Automating Localization Testing


Automation Programs
Automating localization testing can be very tricky. Most automation programs include a Scenario Recorder/Playback utility. This will be useless for localization testing for these reasons:

  • Some of the automation programs will record by default mouse clicks on the screen, by position. The position of the items in localized software is different from the US software, because most language strings will be shorter or longer than English strings. So the next sentence (from a common automation program) will only work in the original US software:

Play "{Click 278, 34, Left}"

  • The second most common default uses text. Obviously, this will not be useful for localization testing purposes. For instance, if we are checking a Web site, in some instances we would like our automated script to navigate to the home page. Most automation programs would write something like this:

WebLinkClick (, "Home")

The Spanish string for Home is "Inicio," and the French is "Accueil," so that sentence will never work in the Spanish or French environments, not to mention any Asian language (although it would work for German or Italian, as they also use "Home").

So we will need to forget about the "recording" and any other default and start writing the scripts line by line, making sure what we write can be "understood" in any language. There are several ways to do this:

a) Ordinal Position

The first approach would be the ordinal position of the objects. Ideally, the items are placed in the same ordinal sort in every language. Let's check the main menu of any Microsoft application: File-Edit-View-Insert-Format. Any other language will translate those terms, but the ordinal sort will be the same. So, while this command will not work:

wmenuselect ("Edit")

this one will work in any language:

wmenuselect (_ord (2))

Do we have a definitive solution? Unfortunately not. We have a solution for menus and submenus, in a very controlled environment, and maybe some dialogs, but this approach will not work in other dialogs. For example, check these screenshots from Microsoft Outlook (New Contact-Insert-Item):

Let's say we want to click in Calendar. According to the successful test we wrote for the Edit menu, we would type something like this:

WtreeItemClk (_ord(1))

This would open the Calendar in the US machine, but the Inbox folder in the Spanish environment.

As the elements are alphabetically sorted, Calendar is ord (1) in the US, but it is ord (4) in Spanish, and the order will be different for French, Russian, and German, etc.

b) ID Numbers

We need to go one step further: Recording doesn't work, text references are also a waste of time, and ordinal position only works sometimes. We need to check the ID numbers of the objects. ID numbers always work: Calendar, as a tree object, will have a unique ID for any language, so we can find that ID out with any Window Information utility and we would write:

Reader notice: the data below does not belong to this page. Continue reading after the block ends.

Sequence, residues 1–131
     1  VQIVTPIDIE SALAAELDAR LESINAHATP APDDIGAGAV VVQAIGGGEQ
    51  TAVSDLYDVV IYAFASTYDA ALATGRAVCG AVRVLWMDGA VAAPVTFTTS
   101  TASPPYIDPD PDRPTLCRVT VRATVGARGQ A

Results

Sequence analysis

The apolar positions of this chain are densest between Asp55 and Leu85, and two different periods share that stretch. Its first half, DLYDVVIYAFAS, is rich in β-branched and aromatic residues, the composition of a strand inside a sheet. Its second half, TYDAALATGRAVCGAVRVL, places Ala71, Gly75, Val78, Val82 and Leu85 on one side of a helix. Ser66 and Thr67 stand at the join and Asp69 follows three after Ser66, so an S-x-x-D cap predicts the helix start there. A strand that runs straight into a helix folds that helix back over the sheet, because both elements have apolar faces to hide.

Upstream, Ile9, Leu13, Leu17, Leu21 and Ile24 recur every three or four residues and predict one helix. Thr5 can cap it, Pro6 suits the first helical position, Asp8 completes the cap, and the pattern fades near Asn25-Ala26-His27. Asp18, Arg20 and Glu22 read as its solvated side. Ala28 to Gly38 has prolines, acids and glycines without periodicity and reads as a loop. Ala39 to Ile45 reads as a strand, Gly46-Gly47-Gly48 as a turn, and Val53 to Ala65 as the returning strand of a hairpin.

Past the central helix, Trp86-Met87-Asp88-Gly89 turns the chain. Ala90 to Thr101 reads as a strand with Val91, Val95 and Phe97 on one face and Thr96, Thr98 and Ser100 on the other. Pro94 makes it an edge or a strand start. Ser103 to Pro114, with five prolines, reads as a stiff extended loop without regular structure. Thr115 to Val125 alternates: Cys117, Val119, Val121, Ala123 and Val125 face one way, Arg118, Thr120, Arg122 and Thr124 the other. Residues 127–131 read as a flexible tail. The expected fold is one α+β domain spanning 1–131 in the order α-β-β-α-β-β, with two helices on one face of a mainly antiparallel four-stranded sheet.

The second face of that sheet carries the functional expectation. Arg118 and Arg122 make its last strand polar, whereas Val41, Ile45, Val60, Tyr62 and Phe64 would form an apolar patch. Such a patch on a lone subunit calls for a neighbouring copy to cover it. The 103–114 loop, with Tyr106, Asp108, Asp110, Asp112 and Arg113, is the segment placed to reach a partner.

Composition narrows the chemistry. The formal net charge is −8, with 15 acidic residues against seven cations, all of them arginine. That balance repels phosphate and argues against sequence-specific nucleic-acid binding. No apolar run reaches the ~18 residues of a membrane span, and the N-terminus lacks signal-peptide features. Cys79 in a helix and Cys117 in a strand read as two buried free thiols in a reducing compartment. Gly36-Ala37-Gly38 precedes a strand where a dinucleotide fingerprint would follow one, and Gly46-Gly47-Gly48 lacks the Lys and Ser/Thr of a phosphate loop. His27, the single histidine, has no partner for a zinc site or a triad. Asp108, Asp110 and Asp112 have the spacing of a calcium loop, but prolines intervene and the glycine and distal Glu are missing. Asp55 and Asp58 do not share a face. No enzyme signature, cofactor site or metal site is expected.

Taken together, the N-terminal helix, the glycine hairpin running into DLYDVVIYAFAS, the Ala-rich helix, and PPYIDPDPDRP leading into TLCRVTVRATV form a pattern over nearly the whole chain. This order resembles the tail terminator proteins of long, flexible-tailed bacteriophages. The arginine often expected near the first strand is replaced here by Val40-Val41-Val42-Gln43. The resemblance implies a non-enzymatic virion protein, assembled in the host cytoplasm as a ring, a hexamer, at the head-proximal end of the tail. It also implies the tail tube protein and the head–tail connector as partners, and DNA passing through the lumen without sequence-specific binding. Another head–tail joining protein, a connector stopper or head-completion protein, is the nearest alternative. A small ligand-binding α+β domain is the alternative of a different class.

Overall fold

WtreeItemClk (_id(83411528))

This will work. But again, do we have a definitive solution? And again, the answer is no.

First of all, not all the objects have a unique ID. Some objects are just containers for other objects, so they are not identified by a unique ID. Also, assigning IDs to objects is not fully automatic during development. And you cannot trust that all the developers took their time to assign unique IDs to the objects they were creating.

There is even one more problem: the ID can be just a number, or a whole string containing a lot of information, from the main window to the deepest object information. This is the ID of the Tools-Options OK button in Microsoft Word:


In most automation programs, it is not enough to say, "Hey, click the button ID (3), please." You have to pass the whole string as a parameter of your command, such as

WbuttonClick (_id (=132820.Options{dialog}.#3.))

The number "#3" will be the same for all languages, but the string "Options{dialog)" will not work in the localized software, as it is English text. We will have to create a whole function to capture during run-time the equivalent localized strings, and then create a string variable for the ID.

That number 132820 is the "handle," a unique number identification for the session opened in the software, and it is different each time you launch Word. But we can isolate that number easily, so we shouldn't worry a lot about it.

To summarize, using IDs will require much more programming than using ordinal positions, but sometimes we will need to use them.

c) Keyboard Events

There is one more thing we can use that will work in the US/English machines and the localized machines: keyboard events. The philosophy is more or less the same as for the ordinal positions: Within the program, clicking Tab, Arrow keys and Enter can lead to the same screens in any environment, when the objects are placed in the same positions. When we are talking about menus, it will be better to use the ord parameter. But when we talk about trees, list boxes, combo boxes, check boxes, or radio buttons, if they are not alphabetically sorted, it will be a good idea to simplify our script by writing things like: